Triumph of Parliament in England Book Outline Name Honors European Studies



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Triumph of Parliament in England Book Outline Name__________________________________
Honors European Studies

  1. The Tudors and Parliament

  1. From 1485-1603 England was ruled by the _________ Dynasty. Though the Tudors believed in __________________, they shrewdly recognized the value of good relations with Parliament.

  2. Parliament was used to being consulted by the monarch on important matters

    1. Example:

    2. Example:

    3. Example:

  1. Early Stuarts

  1. Elizabeth died in _________ and passed the thrown to her relatives, the _________, ruling family of _________. They were not as popular as the Tudors. The result was a “________ ___________________” that pitted the Stuart monarchs against __________________.

  2. Royal Challenge – __________________ was the first Stuart monarch. He claimed absolute power, lecturing Parliament on __________________. He clashed with Parliament over _________ and _________ policy. In order to finance wars without the consent of Parliament, he dissolved Parliament and collected _________ on his own. James also had issues with _________, or Protestants that wanted to “purify” the Church of England of Catholic practices. As a result, today we have the __________________ Bible.

  3. Parliament Responds – In 1625 _________________ inherited the throne. Charles summoned Parliament when he needed to raise _________. Parliament demanded that he sign the __________________________, prohibiting the king from raising taxes without Parliament’s consent. He signed the petition and then dissolved Parliament.

  4. The Long Parliament – Parliament met on and off for 13 years. Parliament tried Charles’ chief ministers and _________ them. In 1642, Charles attempted to arrest radical leaders of Parliament. This would lead to the ___________________________.

  1. English Civil War

  1. Civil War lasted from __________________.

  2. Cavaliers and Roundheads – _________________ were supporters of __________________. They expected a quick victory. The forces of Parliament were known as __________________. They were composed of country gentry, town-dwelling manufacturers, and Puritan clergy. The Roundhead leader was __________________. Under Cromwell, the Roundheads defeated the Cavaliers and by _________ the King was in the hands of Parliamentary forces.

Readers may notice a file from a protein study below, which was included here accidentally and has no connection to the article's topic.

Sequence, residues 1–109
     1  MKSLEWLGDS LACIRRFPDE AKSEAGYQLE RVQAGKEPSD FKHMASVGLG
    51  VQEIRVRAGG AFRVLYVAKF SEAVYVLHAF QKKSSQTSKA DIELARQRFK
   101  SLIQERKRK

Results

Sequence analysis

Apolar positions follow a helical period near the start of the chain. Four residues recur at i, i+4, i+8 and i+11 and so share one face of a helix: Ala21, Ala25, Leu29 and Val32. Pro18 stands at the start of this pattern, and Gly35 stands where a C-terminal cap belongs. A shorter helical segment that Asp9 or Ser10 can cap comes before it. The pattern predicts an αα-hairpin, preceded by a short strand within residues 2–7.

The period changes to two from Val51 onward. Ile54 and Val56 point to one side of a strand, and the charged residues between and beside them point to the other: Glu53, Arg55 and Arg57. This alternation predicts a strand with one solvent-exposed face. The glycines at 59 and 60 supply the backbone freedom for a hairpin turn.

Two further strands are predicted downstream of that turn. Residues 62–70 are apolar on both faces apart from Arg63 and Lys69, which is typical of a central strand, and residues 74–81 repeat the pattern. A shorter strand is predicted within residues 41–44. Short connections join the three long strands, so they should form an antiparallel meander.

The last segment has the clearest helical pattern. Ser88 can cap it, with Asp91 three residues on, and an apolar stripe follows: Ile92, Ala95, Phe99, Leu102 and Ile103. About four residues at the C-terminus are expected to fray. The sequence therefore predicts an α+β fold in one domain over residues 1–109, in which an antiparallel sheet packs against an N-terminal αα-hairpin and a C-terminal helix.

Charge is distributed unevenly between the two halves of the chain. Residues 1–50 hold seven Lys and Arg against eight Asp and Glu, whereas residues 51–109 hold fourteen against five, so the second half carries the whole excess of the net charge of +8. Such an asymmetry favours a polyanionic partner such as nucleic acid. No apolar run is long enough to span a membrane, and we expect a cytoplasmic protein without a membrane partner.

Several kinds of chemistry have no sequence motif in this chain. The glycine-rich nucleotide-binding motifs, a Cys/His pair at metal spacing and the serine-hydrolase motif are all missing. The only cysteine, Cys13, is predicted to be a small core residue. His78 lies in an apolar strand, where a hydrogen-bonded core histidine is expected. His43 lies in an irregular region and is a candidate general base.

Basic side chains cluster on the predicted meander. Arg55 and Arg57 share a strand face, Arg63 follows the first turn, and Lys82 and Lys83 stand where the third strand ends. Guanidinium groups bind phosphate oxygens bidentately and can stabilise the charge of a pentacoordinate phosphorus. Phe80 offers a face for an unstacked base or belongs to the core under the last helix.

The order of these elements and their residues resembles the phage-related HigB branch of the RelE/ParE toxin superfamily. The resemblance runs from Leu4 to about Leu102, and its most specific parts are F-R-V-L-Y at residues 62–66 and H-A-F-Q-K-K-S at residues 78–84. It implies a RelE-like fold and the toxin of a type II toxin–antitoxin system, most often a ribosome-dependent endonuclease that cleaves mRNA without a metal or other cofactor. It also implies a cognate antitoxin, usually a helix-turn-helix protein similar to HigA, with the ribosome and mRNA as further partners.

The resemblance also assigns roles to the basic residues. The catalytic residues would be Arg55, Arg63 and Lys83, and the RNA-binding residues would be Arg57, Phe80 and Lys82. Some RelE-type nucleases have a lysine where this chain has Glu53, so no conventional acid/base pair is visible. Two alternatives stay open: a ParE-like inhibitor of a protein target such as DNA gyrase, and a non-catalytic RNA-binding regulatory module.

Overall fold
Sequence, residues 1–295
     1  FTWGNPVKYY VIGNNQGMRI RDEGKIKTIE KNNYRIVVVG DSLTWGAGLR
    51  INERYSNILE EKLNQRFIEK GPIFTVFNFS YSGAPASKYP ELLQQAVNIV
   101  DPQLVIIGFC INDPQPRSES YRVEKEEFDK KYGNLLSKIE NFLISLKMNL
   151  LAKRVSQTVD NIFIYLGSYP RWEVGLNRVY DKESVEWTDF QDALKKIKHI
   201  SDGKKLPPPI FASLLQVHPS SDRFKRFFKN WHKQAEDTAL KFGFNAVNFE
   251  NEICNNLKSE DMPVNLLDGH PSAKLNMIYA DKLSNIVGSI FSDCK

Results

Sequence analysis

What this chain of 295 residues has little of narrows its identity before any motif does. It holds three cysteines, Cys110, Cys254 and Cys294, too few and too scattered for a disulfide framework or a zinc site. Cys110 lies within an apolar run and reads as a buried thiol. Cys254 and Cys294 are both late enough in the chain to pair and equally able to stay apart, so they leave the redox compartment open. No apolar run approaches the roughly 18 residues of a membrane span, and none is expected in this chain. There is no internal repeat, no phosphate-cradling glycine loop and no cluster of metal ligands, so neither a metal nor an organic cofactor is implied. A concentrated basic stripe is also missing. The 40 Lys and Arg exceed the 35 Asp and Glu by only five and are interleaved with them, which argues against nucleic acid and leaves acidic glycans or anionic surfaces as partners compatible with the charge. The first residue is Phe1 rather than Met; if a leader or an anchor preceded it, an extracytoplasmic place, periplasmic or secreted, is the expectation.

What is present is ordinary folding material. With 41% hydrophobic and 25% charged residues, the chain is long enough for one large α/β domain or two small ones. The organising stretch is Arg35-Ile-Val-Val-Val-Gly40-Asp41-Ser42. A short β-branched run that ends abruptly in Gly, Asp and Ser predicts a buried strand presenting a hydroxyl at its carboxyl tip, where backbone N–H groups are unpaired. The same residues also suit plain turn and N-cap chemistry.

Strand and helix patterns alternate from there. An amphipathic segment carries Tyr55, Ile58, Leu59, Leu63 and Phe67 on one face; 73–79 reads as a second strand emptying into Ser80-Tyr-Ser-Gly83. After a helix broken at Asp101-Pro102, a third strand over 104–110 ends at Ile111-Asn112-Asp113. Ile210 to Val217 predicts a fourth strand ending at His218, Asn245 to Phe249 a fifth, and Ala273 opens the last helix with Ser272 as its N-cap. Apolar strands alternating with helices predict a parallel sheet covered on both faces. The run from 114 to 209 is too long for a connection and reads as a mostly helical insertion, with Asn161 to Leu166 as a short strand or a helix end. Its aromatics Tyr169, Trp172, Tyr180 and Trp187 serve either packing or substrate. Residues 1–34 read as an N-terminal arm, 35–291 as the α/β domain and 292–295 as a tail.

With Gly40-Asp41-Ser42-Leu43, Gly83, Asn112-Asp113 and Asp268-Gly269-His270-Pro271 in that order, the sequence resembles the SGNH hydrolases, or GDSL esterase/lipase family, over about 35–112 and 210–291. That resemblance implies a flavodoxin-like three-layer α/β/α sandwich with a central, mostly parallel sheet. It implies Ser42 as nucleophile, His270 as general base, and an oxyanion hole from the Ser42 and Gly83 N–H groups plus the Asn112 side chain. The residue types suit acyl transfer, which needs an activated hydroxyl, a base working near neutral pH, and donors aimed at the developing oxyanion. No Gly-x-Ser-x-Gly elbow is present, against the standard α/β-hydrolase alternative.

3. Execution of a King – Parliament set up a court and put Charles on _________. In 1649 he gave the signal himself and the executioner severed the king’s _________ with a single stroke. For the first time, a ruling monarch had been tried and executed by his own _________. Parliament sent a clear signal that no ruler could claim absolute power and ignore the rule of law.

  1. The Commonwealth

  1. After the Civil War the House of Commons declared England a _________ under the leadership of Oliver Cromwell.

  2. Challenges to the Commonwealth – Supporters of __________________, heir to the throne, attacked England. Parliament passed a law exiling most _______________ after the Irish attacked. Squabbles also splintered forces within the Commonwealth. The ________________ thought that the _________ men should have as much say in government as the gentry, lawyers, and other leading citizens. Cromwell suppressed these and other radical groups and soon granted himself the title __________________. From then on he ruled through the _________.

  3. End of the Commonwealth – Cromwell died in _________ and the Puritans soon lost their grip on England. Many people were tired of _________ rule and in 1660 a newly elected Parliament invited ________________ to return to England to rule.

  1. From Restoration to Glorious Revolution

  1. Charles II was a popular ruler. He restored the official ___________________________ but tolerated other _________________ such as Presbyterians, Quakers, and Baptists. Although he accepted the Petition of Right he shared his father’s faith in ___________________________.

  2. A New Clash With Parliament – In 1685 Charles’ brother _________________ inherited the throne. He angered his subjects by flaunting his ________________ faith, suspending laws, and appointing Catholics to __________________. In 1688 Parliament invited James’ Protestant daughter _________ and her Dutch husband _________ to rule England. James II fled to France and the bloodless overthrow of a king became known as the ___________________________.

  3. English Bill of Rights – The Bill of Rights ensured the superiority of Parliament over the ________________. It required the monarchy to summon Parliament regularly and gave the power of the _________. A king or queen could no longer interfere with Parliamentary debates. It also barred any __________________ from sitting on the throne.

    1. Other traditional rights of English citizens that the Bill or Rights restored were:

      1. ______________________________________________________

      2. ______________________________________________________

      3. ______________________________________________________

      4. ______________________________________________________